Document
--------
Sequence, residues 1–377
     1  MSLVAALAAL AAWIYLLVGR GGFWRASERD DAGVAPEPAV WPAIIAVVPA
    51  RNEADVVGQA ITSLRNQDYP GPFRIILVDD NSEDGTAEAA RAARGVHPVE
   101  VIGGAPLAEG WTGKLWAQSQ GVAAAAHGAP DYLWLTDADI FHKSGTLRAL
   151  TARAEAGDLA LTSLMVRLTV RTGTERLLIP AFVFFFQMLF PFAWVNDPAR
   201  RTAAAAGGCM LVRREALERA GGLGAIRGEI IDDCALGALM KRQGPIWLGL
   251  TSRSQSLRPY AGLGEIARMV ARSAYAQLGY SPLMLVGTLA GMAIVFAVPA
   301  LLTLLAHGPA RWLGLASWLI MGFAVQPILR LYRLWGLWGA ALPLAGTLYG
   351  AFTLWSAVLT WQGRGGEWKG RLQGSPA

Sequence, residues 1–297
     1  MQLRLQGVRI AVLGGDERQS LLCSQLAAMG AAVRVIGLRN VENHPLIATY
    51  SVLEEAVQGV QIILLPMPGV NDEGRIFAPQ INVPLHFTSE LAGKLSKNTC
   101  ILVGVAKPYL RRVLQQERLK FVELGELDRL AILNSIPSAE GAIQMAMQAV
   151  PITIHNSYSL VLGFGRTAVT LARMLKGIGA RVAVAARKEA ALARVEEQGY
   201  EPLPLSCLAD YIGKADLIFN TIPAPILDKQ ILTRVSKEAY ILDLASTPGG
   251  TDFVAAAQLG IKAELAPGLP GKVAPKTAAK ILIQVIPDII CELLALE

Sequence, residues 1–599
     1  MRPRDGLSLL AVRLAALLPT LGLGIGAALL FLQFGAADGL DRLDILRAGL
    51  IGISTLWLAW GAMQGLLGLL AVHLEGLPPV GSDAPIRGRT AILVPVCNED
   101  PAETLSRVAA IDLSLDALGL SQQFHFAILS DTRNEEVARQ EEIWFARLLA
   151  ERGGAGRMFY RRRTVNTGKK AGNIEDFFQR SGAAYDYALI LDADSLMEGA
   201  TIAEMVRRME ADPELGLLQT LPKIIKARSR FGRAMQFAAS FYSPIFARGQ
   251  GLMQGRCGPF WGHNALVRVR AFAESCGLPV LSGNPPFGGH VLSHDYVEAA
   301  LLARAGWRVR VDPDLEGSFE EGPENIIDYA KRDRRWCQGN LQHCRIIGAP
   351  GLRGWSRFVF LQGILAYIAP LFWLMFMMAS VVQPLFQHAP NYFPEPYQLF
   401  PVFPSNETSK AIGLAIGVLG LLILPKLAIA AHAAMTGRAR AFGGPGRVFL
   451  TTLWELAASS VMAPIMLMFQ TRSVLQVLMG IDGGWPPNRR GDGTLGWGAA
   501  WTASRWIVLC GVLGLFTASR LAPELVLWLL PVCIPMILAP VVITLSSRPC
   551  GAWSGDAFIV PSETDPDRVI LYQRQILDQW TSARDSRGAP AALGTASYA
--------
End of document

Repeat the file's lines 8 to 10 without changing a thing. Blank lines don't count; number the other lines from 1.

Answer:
   301  LLTLLAHGPA RWLGLASWLI MGFAVQPILR LYRLWGLWGA ALPLAGTLYG
   351  AFTLWSAVLT WQGRGGEWKG RLQGSPA

Sequence, residues 1–297